When you soak your handspun yarn in warm-to-hot water, it brings back the 'memory' of the yarn and lets it relax. If you've spun your yarn very tightly (or even a bit too tightly), then it is likely to seem to relax in the hot water. If you spun it and then plied it, and got it 'exactly right', then it likely wouldn't seem to relax when put in hot water, since all of the fibers will come into natural alignment and find themselves happy. A 'balanced' ply has all of the fibers (ok, most?) running parallel to the length of the yarn.
(ed. note: the picture is some of my "crazy yarn", spun in 2006-2007!)
You can use this hot water technique to figure out what the right twist was for plying yarn -- freshly spun singles can show you what the right amount of plying-twist is, but once they've sat, even for a few hours, the twist begins to set in them. So, I take a sample when it's fresh, let it twist on itself, and stick it to my sample card. Then I let the bobbins (or, spindles) sit for a weekend (or a week! sigh!) so the twist is a bit set and the singles are less lively, and ply on this semi-set stuff to the same twist that the live sample showed me. If you forgot to sample before letting it sit, take a length of singles, drop it in hot water, and eureka! like magic, it will twist on itself and show you how it should be plied.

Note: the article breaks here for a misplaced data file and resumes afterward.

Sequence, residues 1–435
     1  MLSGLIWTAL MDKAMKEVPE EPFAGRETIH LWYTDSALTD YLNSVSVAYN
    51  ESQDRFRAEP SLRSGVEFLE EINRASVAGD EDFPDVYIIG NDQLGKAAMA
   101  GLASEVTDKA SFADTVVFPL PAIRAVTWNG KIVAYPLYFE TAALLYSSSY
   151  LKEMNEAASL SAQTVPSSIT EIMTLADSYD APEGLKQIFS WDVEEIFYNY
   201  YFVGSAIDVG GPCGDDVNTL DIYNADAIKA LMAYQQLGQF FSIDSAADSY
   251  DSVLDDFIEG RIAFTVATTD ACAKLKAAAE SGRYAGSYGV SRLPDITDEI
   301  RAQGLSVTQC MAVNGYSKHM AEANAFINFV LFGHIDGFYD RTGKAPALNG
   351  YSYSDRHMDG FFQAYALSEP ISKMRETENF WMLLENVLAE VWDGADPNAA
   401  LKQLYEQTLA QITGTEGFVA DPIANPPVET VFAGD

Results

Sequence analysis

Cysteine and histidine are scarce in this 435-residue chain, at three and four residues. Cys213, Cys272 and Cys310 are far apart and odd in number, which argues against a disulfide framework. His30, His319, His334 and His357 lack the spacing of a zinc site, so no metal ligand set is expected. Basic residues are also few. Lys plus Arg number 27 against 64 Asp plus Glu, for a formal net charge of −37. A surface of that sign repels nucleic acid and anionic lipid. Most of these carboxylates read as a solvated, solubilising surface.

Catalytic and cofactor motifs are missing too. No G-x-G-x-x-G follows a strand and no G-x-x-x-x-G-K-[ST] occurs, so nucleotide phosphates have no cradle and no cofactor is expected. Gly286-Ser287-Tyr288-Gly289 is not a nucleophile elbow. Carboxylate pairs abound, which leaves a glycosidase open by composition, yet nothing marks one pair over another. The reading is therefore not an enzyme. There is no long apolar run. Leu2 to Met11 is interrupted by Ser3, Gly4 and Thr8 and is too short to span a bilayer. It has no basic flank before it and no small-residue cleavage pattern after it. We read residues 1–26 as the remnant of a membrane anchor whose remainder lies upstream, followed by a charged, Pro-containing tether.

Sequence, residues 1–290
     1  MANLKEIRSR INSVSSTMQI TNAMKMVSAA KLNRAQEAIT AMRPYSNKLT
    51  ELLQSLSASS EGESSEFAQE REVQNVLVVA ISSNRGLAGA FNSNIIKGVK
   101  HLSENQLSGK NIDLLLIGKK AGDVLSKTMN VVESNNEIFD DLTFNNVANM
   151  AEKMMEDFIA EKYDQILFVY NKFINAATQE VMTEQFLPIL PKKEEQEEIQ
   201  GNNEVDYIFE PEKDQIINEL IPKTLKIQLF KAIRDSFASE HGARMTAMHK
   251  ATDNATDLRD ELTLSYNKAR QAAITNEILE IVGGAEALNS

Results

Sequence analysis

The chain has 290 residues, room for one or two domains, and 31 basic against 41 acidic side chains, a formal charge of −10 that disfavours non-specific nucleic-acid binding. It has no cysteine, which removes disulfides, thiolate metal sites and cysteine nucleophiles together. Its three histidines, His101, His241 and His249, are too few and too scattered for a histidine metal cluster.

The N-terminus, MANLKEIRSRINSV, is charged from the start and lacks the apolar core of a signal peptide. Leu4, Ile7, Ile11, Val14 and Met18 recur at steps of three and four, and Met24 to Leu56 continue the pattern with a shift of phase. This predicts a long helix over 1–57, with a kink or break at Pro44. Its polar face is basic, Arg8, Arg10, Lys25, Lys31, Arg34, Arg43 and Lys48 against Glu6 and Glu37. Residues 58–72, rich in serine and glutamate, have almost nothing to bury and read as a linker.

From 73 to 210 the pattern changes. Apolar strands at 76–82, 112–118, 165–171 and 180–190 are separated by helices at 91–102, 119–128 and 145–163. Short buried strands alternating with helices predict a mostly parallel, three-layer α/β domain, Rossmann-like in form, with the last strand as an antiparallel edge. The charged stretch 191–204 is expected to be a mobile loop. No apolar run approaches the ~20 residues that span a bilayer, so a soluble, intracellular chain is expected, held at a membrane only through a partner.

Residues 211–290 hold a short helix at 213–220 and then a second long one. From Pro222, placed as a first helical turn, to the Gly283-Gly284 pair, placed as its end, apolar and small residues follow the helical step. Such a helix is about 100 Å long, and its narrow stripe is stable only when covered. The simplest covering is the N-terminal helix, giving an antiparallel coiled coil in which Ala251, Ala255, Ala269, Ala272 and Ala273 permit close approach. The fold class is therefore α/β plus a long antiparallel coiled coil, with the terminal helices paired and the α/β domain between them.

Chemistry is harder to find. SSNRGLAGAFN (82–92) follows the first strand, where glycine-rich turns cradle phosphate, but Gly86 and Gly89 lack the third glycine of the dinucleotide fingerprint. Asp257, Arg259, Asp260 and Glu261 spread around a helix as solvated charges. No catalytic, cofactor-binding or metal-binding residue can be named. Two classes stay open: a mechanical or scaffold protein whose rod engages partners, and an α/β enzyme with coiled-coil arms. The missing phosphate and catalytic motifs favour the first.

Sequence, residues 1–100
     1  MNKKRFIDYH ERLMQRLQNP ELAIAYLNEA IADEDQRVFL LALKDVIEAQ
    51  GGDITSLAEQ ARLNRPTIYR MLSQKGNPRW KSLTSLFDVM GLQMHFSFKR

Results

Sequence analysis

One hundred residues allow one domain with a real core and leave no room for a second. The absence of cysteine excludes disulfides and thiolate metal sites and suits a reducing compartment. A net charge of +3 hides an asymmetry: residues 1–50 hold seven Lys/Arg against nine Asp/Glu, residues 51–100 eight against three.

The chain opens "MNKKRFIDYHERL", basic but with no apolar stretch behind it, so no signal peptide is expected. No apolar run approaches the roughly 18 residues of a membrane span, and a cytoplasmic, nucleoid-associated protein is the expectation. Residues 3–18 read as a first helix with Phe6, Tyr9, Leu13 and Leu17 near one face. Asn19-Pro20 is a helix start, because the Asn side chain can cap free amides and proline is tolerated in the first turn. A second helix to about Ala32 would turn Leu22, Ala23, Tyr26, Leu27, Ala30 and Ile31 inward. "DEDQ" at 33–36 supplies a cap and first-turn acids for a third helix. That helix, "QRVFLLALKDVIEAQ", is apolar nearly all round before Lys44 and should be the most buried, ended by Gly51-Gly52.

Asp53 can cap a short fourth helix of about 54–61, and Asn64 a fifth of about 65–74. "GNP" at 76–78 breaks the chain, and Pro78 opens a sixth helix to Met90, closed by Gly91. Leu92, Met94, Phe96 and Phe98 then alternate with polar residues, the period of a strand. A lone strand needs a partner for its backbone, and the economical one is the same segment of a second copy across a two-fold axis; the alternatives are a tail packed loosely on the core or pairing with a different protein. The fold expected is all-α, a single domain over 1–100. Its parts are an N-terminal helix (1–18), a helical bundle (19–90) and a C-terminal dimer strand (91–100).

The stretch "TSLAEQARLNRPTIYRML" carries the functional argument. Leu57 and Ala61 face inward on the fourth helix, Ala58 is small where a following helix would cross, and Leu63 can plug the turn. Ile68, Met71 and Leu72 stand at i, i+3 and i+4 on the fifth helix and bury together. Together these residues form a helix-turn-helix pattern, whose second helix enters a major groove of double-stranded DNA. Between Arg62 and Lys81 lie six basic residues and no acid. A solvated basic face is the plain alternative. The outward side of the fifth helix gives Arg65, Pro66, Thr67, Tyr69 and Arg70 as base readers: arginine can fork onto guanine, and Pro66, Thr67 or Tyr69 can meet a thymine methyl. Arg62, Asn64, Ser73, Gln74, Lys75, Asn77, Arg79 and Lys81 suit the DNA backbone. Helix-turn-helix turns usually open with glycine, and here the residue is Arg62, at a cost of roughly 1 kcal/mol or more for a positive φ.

(posted by me on spindlers, 12/12/2001)